01/27/2009 05:36 pm ET Updated May 25, 2011

The Power of 'Vibes' in Politics Right Now

With everything going on right now with our economy, it is our highest hope that everyone with power in Washington is truly hustling -- and making decisions with the fact that most people in the United States are operating in some sort of 'crisis mode.' Americans are in no mood for rich Congressmen shaking their heads and griping simply to argue a point.

The word VIBE is described as: (noun) -- a distinct emotional aura experienced instinctively. Just how important is a vibe as opposed to words and actions? Quite possibly, the vibe of a politician is another fundamental disposition all together, right up there with their policies and record. To say that Obama and McCain fought simply on issues would be naïve, to say the least. One poll conducted said that 68% of people rejected the adjective 'refreshing' to describe anything associated with John McCain. The common perception of the campaign was that McCain had experience but many people I talked to personally felt like he was a crotchety old man who looked like he just wanted to take a nap and yell at someone. Not exactly a person you want to put in a room with Ahmadinejad and Medvedev.

To say that Barack Obama won the 44th United State's Presidency on his giving off 'positive vibes' alone is obviously an overstatement, but there are shining rays of truth in that notion as well. What is more interesting is the way he is being received by the media, the House of Representatives and the public right now -- and then the way in which he responds.

Referring back once again to the long-trodden campaign, President Obama campaigned with words, websites and aides throughout. Attacks on him weren't spared: a connection to activist William Ayers, a stretched-out accountability accusation for Reverend Wright's choice of words and ultimately, a bizarrely-brazen (and ferociously ignorant) use of his middle name at rallies to remind scared Americans that his middle name was in fact, Hussein.

For some reason I can't see President Obama saying 'John Sydney McCain' if the name 'Sydney' bore the same name as a terrorist like Osama bin Laden. It would be classless; but that's exactly the route the Republicans steered Mr. McCain down. That's because Obama did something that John McCain couldn't seem to do -- something that Hillary Clinton couldn't seem to do either - and that was to wipe the dirt off his shoulder and keep smiling. This made Barack Obama float into the J.F.K. iconic, untouchable category -- which fueled his rivals and opponents even more (and as a result, the famous Paris Hilton commercial was made).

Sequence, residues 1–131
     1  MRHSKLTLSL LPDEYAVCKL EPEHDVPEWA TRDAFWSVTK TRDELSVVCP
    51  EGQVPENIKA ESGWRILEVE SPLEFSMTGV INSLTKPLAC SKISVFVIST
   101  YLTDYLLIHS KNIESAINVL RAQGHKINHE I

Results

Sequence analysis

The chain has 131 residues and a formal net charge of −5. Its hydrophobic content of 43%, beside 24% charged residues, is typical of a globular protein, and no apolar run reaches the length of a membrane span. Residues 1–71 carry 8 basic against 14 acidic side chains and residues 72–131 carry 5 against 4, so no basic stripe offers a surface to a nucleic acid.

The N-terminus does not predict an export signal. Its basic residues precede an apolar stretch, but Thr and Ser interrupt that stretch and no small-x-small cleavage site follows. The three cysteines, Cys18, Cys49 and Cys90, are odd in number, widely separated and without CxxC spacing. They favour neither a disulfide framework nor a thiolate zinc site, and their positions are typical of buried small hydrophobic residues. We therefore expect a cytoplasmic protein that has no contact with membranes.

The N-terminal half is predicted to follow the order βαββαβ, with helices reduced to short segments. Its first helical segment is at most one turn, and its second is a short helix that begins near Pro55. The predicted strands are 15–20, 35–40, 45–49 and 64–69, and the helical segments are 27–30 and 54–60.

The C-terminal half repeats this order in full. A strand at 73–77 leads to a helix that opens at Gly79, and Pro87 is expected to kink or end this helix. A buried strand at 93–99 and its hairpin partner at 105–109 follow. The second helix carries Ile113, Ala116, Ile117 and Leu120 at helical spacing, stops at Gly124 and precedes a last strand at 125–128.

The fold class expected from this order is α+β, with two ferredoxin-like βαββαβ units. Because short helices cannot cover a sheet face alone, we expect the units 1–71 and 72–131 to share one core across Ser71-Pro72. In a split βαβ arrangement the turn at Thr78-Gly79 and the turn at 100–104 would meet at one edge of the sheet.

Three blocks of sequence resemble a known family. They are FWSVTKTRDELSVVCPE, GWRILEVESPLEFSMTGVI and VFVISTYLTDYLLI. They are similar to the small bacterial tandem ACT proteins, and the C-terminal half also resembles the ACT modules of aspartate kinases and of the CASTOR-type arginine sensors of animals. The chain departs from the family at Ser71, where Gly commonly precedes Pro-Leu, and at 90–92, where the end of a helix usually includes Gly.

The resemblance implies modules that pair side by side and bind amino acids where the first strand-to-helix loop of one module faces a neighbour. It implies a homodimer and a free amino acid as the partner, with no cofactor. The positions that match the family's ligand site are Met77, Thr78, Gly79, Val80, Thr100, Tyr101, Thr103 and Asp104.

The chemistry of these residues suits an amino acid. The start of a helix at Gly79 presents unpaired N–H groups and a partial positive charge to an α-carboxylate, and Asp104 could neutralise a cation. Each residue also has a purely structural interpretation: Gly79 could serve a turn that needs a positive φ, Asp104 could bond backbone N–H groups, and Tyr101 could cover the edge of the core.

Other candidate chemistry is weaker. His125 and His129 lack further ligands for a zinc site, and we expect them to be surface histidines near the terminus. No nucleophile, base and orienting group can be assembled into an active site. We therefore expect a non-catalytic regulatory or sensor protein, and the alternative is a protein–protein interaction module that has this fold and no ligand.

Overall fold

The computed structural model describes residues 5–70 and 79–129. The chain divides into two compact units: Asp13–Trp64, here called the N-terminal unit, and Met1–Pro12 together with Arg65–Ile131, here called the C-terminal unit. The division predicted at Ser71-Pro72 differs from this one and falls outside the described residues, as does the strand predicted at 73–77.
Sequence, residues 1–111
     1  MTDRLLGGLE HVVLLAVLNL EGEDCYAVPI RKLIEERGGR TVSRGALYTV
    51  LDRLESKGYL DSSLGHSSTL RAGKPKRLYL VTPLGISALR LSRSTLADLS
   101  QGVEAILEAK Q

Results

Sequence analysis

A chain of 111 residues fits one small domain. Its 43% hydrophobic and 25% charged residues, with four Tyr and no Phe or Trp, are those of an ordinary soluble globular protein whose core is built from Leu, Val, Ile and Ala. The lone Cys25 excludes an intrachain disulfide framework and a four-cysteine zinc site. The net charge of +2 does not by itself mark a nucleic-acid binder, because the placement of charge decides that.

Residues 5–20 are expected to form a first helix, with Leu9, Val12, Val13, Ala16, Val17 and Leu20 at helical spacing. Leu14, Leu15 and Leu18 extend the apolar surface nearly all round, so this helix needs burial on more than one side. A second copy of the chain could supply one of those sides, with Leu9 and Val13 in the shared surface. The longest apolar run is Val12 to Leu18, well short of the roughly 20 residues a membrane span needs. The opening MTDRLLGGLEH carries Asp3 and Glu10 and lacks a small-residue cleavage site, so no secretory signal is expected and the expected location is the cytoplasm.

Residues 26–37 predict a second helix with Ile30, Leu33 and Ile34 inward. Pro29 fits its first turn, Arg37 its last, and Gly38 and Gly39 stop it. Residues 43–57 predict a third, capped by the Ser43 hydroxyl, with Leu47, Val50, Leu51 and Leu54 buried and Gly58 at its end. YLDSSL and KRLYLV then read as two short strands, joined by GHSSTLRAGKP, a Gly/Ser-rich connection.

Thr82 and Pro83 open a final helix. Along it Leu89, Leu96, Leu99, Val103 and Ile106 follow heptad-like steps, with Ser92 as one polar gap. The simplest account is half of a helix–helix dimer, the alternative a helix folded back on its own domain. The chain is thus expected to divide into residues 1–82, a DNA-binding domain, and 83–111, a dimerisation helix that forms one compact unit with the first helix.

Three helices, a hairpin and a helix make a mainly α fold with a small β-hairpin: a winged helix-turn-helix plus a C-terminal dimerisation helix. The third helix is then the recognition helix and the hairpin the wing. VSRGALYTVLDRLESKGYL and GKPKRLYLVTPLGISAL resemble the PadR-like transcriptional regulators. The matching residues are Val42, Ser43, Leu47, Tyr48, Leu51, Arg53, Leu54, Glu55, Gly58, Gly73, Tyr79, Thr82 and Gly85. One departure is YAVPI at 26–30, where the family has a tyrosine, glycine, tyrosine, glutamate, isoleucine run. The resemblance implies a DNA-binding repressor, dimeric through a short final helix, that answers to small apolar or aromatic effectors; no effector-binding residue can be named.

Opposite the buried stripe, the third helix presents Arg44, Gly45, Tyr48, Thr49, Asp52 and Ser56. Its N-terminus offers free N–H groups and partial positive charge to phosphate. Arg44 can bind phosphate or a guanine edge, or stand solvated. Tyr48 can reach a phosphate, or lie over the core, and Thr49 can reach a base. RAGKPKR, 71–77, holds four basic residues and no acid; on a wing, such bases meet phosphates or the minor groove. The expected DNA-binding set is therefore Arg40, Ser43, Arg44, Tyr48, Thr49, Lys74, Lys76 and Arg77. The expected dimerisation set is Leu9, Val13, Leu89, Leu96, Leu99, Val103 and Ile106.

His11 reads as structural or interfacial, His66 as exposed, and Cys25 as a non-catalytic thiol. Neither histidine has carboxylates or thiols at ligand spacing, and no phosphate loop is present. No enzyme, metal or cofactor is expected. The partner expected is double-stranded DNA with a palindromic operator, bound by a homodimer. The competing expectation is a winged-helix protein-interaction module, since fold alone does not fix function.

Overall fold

There were never any pictures of President Obama scowling at a press member, yelling on YouTube, or riddled with dismal looks. Barack smiled a lot and demonstrated an even temper, and was quite firm when it was called for. It was pointed out to me that even at the infamous rally where John McCain was quoting that our economy was 'fundamentally strong' just weeks before the unveiled Wall Street Crisis, the way he said it was not uplifting or reassuring but downright forlorn and gloomy. In fact, at most of his campaign rallies that you can go to on YouTube, even when making a point he sounded more like he was complaining (i.e., when unveiling his plans for Clean Coal).

Barack Obama did his fair share of fighting back the criticism and attacking McCain's policies, but he was quite tactful in the way he did it. If you watch any of his rallies or at the debates, whenever he goes on the defensive or offensive, he is direct and short -- getting to the crux of the negativity, offering an explanation or showing a sharp contrast and then immediately reverting to a positive phrase or sentence that ends on an uplifting note. If you listen to his speeches, note that he almost always follows a negative statement with a positive one, laced with some sort of plan or solution.

Going forward, what does this mean? The media will most likely continue to be critical of quick decisions (closing Gitmo, pushing through a new stimulus). That's fine; it's their job to criticize. The GOP is most likely going to throw up roadblocks where they can to stop as much 'liberal' progress as possible (an inept GOP shook their heads to contraception for poor America this week). That's fine; old habits die hard. The public is bound to question decisions he makes. That's fine; rarely does the public know the entire story surrounding a President-in-Chief's decision.

I suspect President Obama is going to keep doing what he does best: smile and wipe the dirt off his shoulder. Some of those smiles might end up being contagious -- hey, GOP, if you can't beat 'em, join 'em! This is not the time for negative vibes and blockading. Will the stimulus cause us to fall deeper into the hole? Sure. Am I an economist? No. Neither was John McCain, though, as he reminded us on the campaign trail when asked about the economy. At the end of the day you can have three Columbia economists debating about the best way to get us out of the hole with three totally different ideas. Sometimes you just have to say, 'This is the best possible solution,' and go with it.

The partisan 'vibe' in Washington has been allowed and even supported by the public, reaching a fever pitch in the last three decades. The calls from both sides, boasting bi-partisan leadership whilst simultaneously nay-saying the opposite party has gone on long enough. Just maybe President Obama's positive vibes can actually kill the bad blood with kindness.